"He's a whole package," she said of Don's apparent transformation. "He's not just one person, he's encumbered and that includes kids."
But will it work out?
"I don't know," said Steinhart. "None of us do, it's Hollywood."
Meredith Murray, a 40-year-old fan from Roosevelt, N.J., said the saccharine proposal was "so pathetic and painful to watch."
"Don fell in love with the Disneyland Megan," she said. "She was a one-night stand in the office. But Faye is still reality. It was sort of a fairytale he fell in love with. If he hadn't gotten the ring from Anna, would he really have proposed to her?"
"He wouldn't remember his mother, but it felt like (Megan) physically resembled his mother who died in childbirth," she said. "Megan was so different and has the warmth that neither of the other two had."
But, says Murray, "this is going nowhere good."
"She made some comment about, 'I know who you really are,' and she hasn't even worked for him that long. At some point, the tempers will flair, the infidelity will return and we will hear he broke her heart."
Betty, who has had her own issues with motherhood, overwhelmed by her children, turned to Henry Francis, who tries to temper his new wife's anger. "I think deep, dark things are waiting to happen," said Murray.
Sally, who also struggles with both her parents, may be the toughest cookie of all.
"I see her doing the math on Dick and Anna when she saw what was painted on the wall," she said. "I could see her figure out: 1964, who was that? She obviously has shown no love lost for her mother and at some point in the show she will reach the point where she calls her father on his infidelities and untruthfulness."
Don Draper Is Infant-Like in Love
The episode fades to black with Sonny and Cher's 1964 classic, "I Got You Babe," -- which begs the question of Don, so who's the babe now?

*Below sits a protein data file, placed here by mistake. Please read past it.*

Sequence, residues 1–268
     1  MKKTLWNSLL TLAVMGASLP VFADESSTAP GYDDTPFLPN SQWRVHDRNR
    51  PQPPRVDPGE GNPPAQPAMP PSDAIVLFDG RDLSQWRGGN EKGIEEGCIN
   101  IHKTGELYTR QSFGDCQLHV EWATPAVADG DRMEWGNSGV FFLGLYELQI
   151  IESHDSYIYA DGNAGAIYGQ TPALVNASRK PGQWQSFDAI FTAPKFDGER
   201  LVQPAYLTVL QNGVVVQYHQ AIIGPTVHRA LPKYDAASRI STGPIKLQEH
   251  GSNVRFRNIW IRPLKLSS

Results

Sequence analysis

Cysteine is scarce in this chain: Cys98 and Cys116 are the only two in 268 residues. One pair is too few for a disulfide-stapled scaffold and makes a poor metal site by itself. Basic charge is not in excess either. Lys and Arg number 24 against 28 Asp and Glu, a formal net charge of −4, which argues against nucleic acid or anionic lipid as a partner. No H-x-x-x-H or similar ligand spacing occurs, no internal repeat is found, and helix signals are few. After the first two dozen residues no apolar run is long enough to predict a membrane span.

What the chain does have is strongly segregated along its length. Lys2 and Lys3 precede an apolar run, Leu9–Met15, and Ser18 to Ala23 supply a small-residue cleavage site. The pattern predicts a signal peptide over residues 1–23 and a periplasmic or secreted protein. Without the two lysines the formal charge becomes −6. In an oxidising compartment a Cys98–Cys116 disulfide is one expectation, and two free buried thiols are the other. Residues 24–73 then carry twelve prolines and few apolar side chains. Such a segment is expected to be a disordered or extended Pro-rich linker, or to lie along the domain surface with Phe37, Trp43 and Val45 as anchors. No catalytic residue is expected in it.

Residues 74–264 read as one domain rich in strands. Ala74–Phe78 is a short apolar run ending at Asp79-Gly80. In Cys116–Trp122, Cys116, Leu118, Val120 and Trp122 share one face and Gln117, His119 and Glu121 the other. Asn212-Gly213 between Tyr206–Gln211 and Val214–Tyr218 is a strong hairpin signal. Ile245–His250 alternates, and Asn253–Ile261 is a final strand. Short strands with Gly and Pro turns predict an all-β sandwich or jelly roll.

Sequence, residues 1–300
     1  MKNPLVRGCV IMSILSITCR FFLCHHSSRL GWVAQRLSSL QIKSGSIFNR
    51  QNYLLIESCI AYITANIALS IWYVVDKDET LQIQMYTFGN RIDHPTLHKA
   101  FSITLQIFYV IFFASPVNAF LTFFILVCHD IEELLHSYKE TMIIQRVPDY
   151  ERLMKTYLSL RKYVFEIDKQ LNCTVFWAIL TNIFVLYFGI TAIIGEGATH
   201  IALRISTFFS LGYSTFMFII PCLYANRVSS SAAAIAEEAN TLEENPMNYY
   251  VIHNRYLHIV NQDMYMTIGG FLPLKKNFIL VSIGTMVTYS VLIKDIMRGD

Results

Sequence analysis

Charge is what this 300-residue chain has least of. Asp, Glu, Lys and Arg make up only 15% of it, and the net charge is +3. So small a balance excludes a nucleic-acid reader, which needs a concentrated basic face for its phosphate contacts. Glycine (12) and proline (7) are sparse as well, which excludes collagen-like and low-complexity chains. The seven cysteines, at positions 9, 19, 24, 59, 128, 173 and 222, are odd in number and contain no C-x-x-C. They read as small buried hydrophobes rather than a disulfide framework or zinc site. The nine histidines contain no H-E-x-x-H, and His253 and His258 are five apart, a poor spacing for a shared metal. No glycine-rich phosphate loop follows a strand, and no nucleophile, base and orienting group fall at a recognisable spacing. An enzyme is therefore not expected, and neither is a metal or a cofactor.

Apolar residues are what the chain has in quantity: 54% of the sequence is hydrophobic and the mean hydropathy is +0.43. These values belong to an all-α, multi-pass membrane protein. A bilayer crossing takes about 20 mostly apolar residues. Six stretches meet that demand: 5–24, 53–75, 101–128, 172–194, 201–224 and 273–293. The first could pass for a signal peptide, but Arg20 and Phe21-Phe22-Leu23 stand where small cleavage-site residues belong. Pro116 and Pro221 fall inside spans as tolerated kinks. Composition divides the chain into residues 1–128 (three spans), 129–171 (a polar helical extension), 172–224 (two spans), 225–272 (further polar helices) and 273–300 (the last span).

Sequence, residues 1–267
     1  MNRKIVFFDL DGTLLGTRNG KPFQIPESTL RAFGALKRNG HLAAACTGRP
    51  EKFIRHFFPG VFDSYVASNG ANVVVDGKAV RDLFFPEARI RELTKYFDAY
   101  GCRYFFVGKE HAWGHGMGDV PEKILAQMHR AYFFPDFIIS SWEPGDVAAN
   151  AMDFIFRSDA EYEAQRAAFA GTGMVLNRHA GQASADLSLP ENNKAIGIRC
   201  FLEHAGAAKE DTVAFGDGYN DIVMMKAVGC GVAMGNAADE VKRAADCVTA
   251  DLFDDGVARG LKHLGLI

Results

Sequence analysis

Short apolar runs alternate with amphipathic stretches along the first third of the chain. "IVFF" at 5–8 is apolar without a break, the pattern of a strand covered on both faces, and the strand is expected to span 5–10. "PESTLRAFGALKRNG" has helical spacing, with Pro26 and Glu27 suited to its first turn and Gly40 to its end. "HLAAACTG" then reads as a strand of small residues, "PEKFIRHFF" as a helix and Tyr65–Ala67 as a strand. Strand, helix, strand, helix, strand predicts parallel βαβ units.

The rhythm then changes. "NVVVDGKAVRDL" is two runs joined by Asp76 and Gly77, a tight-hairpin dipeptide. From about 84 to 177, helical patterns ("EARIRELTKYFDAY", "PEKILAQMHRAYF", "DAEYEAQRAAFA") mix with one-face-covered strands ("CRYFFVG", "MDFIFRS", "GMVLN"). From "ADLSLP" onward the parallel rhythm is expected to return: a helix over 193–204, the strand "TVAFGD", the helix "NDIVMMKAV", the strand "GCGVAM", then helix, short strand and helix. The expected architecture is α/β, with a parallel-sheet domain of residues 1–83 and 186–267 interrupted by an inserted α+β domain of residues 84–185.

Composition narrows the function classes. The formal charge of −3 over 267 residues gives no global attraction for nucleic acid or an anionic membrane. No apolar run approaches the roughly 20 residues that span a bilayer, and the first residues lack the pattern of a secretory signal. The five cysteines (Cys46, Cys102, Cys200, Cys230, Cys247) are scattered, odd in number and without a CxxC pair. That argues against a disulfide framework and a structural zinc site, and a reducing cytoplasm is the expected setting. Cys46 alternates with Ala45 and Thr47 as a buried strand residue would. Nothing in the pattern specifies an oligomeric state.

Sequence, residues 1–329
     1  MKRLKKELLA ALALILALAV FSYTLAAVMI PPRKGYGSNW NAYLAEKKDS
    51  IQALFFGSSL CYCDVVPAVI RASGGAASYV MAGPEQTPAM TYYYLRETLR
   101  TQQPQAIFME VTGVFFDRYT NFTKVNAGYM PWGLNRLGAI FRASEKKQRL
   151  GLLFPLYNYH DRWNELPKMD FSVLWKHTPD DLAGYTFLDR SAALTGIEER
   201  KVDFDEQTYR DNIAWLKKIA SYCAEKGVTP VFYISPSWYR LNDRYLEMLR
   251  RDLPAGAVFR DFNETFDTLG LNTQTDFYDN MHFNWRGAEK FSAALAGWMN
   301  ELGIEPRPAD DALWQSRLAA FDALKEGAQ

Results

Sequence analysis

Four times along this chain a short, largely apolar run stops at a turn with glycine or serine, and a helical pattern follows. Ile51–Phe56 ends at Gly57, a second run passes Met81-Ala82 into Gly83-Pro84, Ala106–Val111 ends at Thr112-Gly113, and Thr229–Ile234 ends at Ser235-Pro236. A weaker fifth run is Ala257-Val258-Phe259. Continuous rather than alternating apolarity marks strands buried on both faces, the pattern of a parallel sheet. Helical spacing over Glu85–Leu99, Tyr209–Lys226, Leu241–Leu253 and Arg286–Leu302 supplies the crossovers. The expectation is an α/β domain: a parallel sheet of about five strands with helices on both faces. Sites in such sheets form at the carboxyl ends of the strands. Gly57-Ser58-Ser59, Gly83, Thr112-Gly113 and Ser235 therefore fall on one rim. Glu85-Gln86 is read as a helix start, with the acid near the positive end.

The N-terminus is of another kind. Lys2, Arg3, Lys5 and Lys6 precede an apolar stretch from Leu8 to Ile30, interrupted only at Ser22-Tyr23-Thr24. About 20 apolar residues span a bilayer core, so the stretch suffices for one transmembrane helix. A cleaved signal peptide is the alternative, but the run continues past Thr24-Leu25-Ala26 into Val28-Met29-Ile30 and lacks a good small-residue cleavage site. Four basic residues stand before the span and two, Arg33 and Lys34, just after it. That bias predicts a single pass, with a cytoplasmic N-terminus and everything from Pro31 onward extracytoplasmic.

Men are "hugely" attracted to women with maternal instincts, according to Judy Kuriansky, a couples counselor and author of "The Complete Idiot's Guide to a Healthy Relationship."
The draw is largely anthropological.
"That was the role of women," she said. "The male of the species would pick the female who could take care of the children that are his progeny. The male, of course, wants to propagate. He picks females who are the strongest, most mothering and comforting of the kids who take his name and genetics."
The psychodynamics are also powerful for men like Don Draper, whose own mother, a whore, died in childbirth. "The male often projects into the child, re-experiencing, 'This is me, being taken care of by an ideal mother.'"
"For a particular group of men who have not had good mothering, this is very powerful," she said. "But the bad news is this works for a few years, but when the infant monkeys get off their feet, the parents are on to something else."
That's the Madonna-whore syndrome and it "pollutes the entire relationship," according to Kuriansky.
The initial attraction -- the "adoration of the mother figure" -- devolves into a perception that the wife is not a sexual creature, she said. "The next issue is how to resolve that. You want the whore in the bedroom and the sweetheart in the kitchen, and both people have to work at it. It can be a long road."
With "Mad Men" creator Matt Weiner's dalliance with psychotherapy -- Betty was treated for her model malaise and Sally's masturbation incident sent her to the shrink -- Don might actually go into counseling.
"I see (Don) as so deeply engrained, although he would say it isn't true," said Kuriansky. "It would be hard to get through his resistance and work through all the feelings about his mother and how she abandoned him."
"He's a little slick and crafty," she said. "I think therapy would be tricky."